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Seasonal hair loss happens to so much of us, yet its still somewhat of a mystery. Check out our article for all you need to know about it and how to deal with it.
WHAT IS SEASON HAIR LOSS?
Seasonal hair loss can happen to so many of us, but it’s something that still isn’t fully understood. Both men and women can experience an increased rate of hair fall than normal in Autumn, and for many people, it can be a worrying experience. But fear not. Seasonal hair loss is completely normal, and it doesn’t necessarily mean you’re on the downward slope to pattern baldness.
Put simply, seasonal hair loss is where an individual experiences increased hair fall at certain periods of the year, usually during the sping and autumn seasons.
As we discuss in our article on the hair growth cycle, typically around 8% of a person’s hair is in the resting phase (which is where the hair stops growing and can fall out). However, there are studies showing that the hghest proportion of telogen hairs have been found to occur in the summer, whereas the lowest rates of telogen hairs occur in the winter months.
WHY DOES SEASONAL HAIR LOSS HAPPEN?
There’s not a lot of research into why exactly seasonal hair loss happens, although there is speculation that the stress of all that sunshine, UV rays and heat can have a negative effect on our hair, causing it to fall out.
There is another theory that links it to evolution, where the body grows and retains more hair in the summer months to help protect itself from the damaging effects of the sun. This ‘extra’ hair is then shed as it turns to the cooler months, as the scalp no longer needs the protection.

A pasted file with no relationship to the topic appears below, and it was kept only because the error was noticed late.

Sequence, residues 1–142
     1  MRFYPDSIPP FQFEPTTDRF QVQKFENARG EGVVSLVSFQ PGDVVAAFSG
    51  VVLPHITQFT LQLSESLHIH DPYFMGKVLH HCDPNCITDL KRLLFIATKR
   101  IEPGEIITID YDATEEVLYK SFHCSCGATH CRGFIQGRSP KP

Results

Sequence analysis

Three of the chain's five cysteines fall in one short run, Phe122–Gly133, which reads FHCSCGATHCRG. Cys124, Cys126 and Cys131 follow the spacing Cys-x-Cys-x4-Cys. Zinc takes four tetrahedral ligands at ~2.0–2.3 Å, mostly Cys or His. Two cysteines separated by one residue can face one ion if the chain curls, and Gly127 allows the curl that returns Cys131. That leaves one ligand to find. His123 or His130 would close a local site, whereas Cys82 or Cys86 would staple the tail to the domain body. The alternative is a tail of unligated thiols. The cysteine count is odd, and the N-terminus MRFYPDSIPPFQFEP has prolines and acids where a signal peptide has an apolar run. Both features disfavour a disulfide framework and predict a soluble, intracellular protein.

IS SEASONAL HAIR LOSS NORMAL?
As concluded in one 2009 study, seasonal hair loss is completely normal and plenty of people may experience it without realising. As we’ve mentioned already, a slight increase in hair fall during Autumn is part of the hair’s natural growth cycle. However, if your hair is coming out in clumps or continually falling out, you may be experiencing more serious hair loss issues and it would be wise to seek advice from your doctor.
While seasonal hair loss isn’t something we can necessarily avoid, we can do things to promote healthy hair growth to effectively ‘fill in’ where the hair loss occurs.
If you’re noticing a lot of thinning, you could opt for hair fibres which help conceal sparse hair and add thickness to areas that need it. These can be the ideal short term solution for seasonal hair loss, giving you the thickness and fullness you may lose during the Autumn months.
Have you noticed seasonal hair loss this autumn? What’s your number one hair tip for battling the seasons?
HOW LONG DOES SEASONAL HAIR LOSS LAST?
Seasonal hair loss is just that, seasonal. It should only last throughout the early stages of Autumn, and by late November/early December your hair should return to a normal amount of shedding: around 100 hairs a day.
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